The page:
Results indicate a larger variation in scale of the crossover length, *l*, when compared with the fractal dimension, D (Figures 1 and 2). This reinforces the relevancy of the crossover length parameter, *l*, as a discriminator of vertical differences in roughness. In surface roughness quantification the fractal dimension, D, can be taken as a relative measure of the distribution of different sized structural elements on the soil surface (Huang, 1998). In this context, fractal dimension is a descriptor of horizontal variations of soil roughness, which implies that it has to be considered in connection with an index describing differences in roughness height (Huang 1998; Vidal Vázquez et al., 2006).

To illustrate better the relationship between the fractal dimension, D, and the crossover length, *l*, a correlation was calculated and plotted in Figure 3. The power equation fitted to the relationship between D and *l* (Figure 3) represents an expected result from equation (6).

The relationship between D and *l *as a function of the tillage treatments also shows that the use of the leveling harrow (treatments named LD) separated these two parameters in two different classes, in which the treatments that received the leveling harrow always had a larger fractal D for the same value of *l*. Firstly, higher values of D indicate a more rugged surface, with variation occurring mostly at a fine scale.Secondly, the use of the secondary tillage implement provided an approximately linear relationship between D and *l. *Therefore, the power law relationship between D and *l* may be only particularly true for the surfaces that have tillage marks on their roughness.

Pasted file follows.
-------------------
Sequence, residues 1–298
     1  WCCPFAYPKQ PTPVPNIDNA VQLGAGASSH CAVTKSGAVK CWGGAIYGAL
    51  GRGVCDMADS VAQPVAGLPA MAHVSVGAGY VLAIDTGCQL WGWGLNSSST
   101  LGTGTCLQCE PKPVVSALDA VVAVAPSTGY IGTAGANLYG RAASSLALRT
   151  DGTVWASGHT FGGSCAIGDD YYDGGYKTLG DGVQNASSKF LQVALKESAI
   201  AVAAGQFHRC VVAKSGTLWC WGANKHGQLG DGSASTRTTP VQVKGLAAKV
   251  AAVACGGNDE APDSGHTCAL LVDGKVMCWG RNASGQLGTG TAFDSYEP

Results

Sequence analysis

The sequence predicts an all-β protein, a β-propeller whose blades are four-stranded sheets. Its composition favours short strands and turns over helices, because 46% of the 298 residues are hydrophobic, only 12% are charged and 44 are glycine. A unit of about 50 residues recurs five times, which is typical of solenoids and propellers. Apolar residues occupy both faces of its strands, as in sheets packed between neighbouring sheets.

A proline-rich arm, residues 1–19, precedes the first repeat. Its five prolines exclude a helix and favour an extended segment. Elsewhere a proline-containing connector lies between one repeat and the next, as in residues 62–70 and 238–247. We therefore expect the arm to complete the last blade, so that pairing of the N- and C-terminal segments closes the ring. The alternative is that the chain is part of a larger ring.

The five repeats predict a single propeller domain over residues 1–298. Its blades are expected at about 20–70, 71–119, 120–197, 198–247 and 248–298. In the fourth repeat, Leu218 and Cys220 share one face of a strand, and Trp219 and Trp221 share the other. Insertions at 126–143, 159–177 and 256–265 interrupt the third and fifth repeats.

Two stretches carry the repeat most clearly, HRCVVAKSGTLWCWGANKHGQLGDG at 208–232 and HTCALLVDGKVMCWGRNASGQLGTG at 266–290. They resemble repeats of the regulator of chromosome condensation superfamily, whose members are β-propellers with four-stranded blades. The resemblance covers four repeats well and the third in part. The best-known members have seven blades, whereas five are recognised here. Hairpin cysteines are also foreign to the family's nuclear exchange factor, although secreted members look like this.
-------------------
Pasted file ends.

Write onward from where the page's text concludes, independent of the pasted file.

As the random roughness parameter, RR, suggested by Allmaras et al. (1966) is simply the standard deviation of the heights, Figure 4 presents the relation between the fractal dimension D and the cross over length *l *and the surface height variances. The fractal dimension D tends to decrease as the variance value increases (Figure 4a). Moreover, the smallest values for variance are the ones corresponding to the plots that received a secondary tillage. The reason why these values are grouped together is that the surfaces that did not receive the secondary tillage, in general, tend to present more tillage marks than the ones that did receive the leveling harrow as a secondary tillage. The highest values for variance and consequently, lowest for fractal D, are for the surfaces corresponding to tillage treatments, which move more soil such as the chisel plow (CP) and disk plow (DP). The relation between the crossover length and the variance (Figure 4b) is not so clear. Because these parameters depend on the technique used to remove the trend, the results found here represent a different surface and cannot be compared with the ones presented by Vidal Vázquez et al. (2006).